After you have done some evaluation for accuracy, there are numerous places to look to improve the accuracy that does not require fine-tuning.
Although it may sound trivial, first check to make sure that your data is being parsed and loaded correctly in the first place. For example, if documents contain tables or even images, certain data loaders may miss information in documents.
After data is ingested, it is chunked. This is the process of splitting text into segments. A chunk can be a fixed character length, but there are various chunking methods, such as sentence splitting and recursive chunking. How text is chunked determines how it is stored in an embedding vector for retrieval.
On top of this, there are many indexing and associated retrieval patterns. For example, several indexes can be constructed for various kinds of user questions and a user query can be routed according to an LLM to the appropriate index.
There are also a variety of retrieval strategies. The most rudimentary strategy is using cosine similarity with an index, but BM25, custom retrievers, or knowledge graphs can also improve the retrieval.
Reranking of results from the retriever can also provide additional flexibility and accuracy improvements according to unique requirements. Query transformations can work well to break down more complex questions. Even just changing the LLM’s system prompt can drastically change accuracy.
At the end of the day, it’s important to take time to experiment and measure the changes in accuracy that various approaches provide.
Remember, models like the LLM or embedding model are merely a part of a RAG system. There are many ways to improve RAG systems to achieve high accuracy without doing any fine-tuning.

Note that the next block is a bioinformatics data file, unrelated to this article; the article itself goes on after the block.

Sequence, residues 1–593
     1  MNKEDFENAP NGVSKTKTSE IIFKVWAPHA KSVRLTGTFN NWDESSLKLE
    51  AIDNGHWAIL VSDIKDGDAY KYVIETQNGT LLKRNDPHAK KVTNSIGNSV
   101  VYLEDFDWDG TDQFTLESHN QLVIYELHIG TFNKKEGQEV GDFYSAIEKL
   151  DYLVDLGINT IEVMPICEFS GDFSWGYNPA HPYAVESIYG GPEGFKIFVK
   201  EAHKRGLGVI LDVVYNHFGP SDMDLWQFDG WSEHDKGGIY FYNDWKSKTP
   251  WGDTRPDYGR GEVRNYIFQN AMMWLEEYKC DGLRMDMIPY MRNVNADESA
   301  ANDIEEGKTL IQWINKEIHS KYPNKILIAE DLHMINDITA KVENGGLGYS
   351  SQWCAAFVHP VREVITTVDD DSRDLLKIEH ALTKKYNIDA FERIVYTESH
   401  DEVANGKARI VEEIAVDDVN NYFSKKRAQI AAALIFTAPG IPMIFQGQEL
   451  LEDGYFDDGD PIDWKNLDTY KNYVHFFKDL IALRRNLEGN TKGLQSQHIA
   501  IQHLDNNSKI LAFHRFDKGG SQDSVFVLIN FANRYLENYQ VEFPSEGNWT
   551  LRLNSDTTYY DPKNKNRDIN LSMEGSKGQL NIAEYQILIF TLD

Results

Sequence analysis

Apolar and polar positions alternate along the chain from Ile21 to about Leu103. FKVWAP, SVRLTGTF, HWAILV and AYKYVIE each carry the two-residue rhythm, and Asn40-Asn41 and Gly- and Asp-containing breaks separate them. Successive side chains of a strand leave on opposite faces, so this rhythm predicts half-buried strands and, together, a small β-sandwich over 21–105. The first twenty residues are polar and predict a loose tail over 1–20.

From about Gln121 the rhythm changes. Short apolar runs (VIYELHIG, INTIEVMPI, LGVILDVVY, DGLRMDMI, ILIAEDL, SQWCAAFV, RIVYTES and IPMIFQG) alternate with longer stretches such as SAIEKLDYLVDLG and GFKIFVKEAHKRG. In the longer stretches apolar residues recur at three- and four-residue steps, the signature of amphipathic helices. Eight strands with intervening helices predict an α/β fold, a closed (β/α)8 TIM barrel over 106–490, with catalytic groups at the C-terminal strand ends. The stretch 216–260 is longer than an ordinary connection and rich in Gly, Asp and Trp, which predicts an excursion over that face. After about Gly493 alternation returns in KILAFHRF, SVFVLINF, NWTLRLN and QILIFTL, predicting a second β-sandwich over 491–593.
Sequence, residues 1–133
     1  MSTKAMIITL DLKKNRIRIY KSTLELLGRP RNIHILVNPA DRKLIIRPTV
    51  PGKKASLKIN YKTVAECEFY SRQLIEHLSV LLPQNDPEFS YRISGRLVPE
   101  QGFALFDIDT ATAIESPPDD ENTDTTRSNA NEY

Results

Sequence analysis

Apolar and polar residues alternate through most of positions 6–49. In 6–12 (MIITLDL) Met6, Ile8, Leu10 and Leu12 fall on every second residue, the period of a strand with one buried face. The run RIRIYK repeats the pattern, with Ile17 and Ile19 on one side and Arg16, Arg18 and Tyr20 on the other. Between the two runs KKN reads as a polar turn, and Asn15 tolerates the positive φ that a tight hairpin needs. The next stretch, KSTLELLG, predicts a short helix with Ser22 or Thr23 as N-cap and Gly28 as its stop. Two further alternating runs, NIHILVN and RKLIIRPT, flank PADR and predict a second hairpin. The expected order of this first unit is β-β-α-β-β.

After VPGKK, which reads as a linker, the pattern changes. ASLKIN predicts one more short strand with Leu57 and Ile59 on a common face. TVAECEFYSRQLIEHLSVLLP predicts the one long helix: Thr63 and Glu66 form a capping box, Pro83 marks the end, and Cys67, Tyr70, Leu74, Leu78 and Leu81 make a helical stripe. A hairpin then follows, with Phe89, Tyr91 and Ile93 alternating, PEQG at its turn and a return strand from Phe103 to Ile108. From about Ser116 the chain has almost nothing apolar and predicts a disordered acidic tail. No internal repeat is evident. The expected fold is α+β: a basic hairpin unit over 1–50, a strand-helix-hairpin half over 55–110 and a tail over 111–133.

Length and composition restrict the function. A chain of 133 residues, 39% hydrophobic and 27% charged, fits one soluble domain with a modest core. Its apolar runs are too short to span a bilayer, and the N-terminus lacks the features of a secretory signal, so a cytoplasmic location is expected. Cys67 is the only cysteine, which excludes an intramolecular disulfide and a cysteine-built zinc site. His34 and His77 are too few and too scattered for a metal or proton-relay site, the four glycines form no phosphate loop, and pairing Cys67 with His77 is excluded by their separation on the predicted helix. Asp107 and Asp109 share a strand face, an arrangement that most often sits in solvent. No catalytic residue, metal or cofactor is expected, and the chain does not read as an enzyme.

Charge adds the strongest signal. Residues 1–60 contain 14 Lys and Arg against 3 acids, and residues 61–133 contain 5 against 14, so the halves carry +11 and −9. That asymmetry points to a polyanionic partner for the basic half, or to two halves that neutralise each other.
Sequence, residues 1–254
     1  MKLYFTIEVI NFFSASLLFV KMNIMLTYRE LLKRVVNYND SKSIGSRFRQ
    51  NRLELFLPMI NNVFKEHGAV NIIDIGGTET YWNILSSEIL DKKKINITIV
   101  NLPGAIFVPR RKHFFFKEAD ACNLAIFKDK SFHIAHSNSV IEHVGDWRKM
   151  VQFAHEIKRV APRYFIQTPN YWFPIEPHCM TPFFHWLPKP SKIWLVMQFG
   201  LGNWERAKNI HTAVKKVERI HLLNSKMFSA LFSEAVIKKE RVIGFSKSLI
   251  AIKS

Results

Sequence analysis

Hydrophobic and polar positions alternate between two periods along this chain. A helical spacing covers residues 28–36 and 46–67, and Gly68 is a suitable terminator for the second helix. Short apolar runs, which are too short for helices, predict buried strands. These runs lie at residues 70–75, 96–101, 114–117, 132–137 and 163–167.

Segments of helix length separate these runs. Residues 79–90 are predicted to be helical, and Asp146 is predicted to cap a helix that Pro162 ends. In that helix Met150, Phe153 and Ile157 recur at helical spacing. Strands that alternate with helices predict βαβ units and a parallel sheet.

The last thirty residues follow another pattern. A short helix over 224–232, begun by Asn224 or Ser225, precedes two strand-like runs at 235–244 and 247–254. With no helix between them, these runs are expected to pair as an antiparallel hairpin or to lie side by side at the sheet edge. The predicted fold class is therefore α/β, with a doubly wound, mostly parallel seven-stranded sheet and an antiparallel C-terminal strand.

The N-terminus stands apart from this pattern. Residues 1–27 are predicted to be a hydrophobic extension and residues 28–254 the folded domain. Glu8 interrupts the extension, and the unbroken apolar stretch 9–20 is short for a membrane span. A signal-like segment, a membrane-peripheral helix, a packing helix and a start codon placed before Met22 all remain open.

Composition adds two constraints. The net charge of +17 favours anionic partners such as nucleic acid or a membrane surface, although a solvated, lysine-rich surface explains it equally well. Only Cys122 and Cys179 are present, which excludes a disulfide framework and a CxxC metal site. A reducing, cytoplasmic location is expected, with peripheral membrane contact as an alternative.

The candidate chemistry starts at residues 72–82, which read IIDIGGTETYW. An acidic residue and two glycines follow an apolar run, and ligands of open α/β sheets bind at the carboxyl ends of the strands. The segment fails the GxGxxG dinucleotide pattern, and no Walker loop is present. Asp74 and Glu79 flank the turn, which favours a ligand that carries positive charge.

How to connect LLMs to data sources?
There are a variety of frameworks for connecting LLMs to your data sources, such as LangChain and LlamaIndex. These frameworks provide a variety of features, like evaluation libraries, document loaders, and query methods. New solutions are also coming out all the time. We recommend reading about various frameworks and picking the software and components of the software that make the most sense for your application.
Can RAG cite references for the data that it retrieves?
Yes. In fact, it improves the user experience if you can cite references for retrieved data. In the AI chatbot RAG workflow example found in the /NVIDIA/GenerativeAIExamples GitHub repo, we show how to link back to source documents.
What type of data is needed for RAG? How to secure data?
Right now, textual data is well supported for RAG. Support in RAG systems for other forms of data like images and tables is improving as more research into multi-modal use cases progresses. You may have to write additional tools for data preprocessing depending on your data and where it’s located. There are a variety of data loaders available from LlamaHub and LangChain. For more information about building enriched pipelines with chains, see Security LLM Systems Against Prompt Injection.